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Creating artwork for Fort Simpson
Mural-making and sign-painting program underway at Aurora College

Roxanna Thompson
Northern News Services
Published Thursday, August 1, 2013

LIIDLII KUE/FORT SIMPSON
Colourful fish, dragonflies and ravens will become part of the Fort Simpson landscape after a new program wraps up at Aurora College.

NNSL photo/graphic

Joseph Purcell stands with the first mural created by students in the mural-making and sign-painting program that he's been instructing at Aurora College in Fort Simpson. The mural will be placed in the community's swimming pool. - Roxanna Thompson/NNSL photo

Through a partnership with the Village of Fort Simpson and the Department of Industry, Tourism and Investment, the college's Fort Simpson campus is offering a mural -making and sign-painting program.

To date, two of the expected six murals have been completed. At the end of the program, the murals will be given to the Village of Fort Simpson to place around the community.

In addition to creating works of art, while working on the murals, the six participants in the course are learning basic artistic concepts including colour, line, pattern, texture and composition, said Joseph Purcell, a full-time, professional artist who is leading the program. The program isn't about creating artists, but rather people who can make murals or signs, he said.

"There is a demand for signs," said Purcell.

Following an apprenticeship model, Purcell is involving the students in every step of the mural-making process from applying four coats of primer to each mural panel, to choosing and mixing the paint colours and applying them to the murals. The first mural created by the young adults is a three-dimensional piece showing six brightly coloured fish leaping on a green background.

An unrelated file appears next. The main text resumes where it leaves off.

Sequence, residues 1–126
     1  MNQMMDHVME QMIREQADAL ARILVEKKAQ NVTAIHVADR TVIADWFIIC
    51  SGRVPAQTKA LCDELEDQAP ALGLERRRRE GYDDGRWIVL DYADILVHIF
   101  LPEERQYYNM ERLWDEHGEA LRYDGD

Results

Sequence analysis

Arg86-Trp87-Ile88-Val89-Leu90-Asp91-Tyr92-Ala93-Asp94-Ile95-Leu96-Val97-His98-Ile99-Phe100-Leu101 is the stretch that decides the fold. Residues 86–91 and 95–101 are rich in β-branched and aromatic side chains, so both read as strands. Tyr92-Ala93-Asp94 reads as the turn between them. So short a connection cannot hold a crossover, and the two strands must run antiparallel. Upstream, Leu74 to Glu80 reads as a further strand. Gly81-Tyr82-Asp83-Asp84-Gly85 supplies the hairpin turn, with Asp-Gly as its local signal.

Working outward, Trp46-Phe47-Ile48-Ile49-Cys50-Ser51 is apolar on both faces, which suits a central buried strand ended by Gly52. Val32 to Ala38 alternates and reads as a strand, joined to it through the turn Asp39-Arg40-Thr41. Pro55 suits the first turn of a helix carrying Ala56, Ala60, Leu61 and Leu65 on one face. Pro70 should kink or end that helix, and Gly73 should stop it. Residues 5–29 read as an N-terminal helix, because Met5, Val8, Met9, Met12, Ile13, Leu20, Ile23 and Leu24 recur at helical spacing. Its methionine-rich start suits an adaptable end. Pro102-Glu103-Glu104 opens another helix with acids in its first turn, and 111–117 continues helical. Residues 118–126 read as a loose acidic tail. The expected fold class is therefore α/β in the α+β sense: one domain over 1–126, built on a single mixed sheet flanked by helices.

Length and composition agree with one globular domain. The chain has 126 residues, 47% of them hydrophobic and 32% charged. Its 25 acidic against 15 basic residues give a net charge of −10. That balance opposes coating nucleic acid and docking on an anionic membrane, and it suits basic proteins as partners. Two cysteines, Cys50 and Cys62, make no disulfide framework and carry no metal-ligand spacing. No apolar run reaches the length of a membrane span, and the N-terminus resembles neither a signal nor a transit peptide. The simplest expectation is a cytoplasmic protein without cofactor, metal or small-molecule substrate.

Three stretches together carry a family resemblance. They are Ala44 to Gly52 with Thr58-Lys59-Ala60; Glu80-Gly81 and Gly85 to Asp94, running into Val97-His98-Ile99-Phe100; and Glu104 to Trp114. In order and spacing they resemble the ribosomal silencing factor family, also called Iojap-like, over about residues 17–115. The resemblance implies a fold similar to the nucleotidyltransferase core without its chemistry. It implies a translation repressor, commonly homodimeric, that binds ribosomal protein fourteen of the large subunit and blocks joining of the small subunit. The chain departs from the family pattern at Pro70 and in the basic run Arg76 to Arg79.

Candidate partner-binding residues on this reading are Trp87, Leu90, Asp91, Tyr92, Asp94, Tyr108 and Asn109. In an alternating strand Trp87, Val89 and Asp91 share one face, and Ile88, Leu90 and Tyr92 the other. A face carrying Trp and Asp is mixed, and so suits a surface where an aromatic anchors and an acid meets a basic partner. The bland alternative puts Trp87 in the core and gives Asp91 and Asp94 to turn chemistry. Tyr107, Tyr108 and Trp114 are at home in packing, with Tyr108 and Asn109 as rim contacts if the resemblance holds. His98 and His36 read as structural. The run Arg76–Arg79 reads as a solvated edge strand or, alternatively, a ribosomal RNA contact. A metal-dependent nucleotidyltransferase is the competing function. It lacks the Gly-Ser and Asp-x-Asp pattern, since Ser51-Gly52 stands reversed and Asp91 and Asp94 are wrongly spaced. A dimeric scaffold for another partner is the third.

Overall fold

The mural will be hung at the community's new pool.

"I wanted to create something that was playful, that had a wave-like composition," Purcell said.

Knowing that many of the pool's patrons are children, Purcell also designed the mural to be colourful and have qualities that could have been created by a child.

With the first mural, the six students learned how much time and energy can go into a piece. Each of the fish, as well as the wooden blocks used to decorate them, had to be primed four times and receive four coats of paint.

"It was very repetitive work, very time consuming," Purcell said.

The students, including Lance Hardisty, Jordan Isaiah, Donovan Peterson, Dillon Manuel, Sheldon Yallee and Bobby Cazon, talked and listened to music while working on the mural for three weeks, beginning on July 8.

"They worked hard," said Purcell.

The process of making a mural was totally new to them, he said. During the same time period, the students also completed the second mural both murals are 1.2 by 2.4 metres of a dragonfly.

Deh Cho Dragon was created using a popular process for making murals that involves doing the drawing on acetate and then projecting it onto the mural panel where it is traced and then painted, said Purcell.

"It's a very simple way to work," he said.

Before the program ends on Aug. 30, Purcell expects to finish four more murals, including ones that include a raven, a black bear and possibly a loon. The students are also expected to create their own, smaller murals.

To Purcell's knowledge, this is the first program of its kind offered by Aurora College. The Department of Public Works and Services has also been contributing by allowing the students to use its shop in the village.

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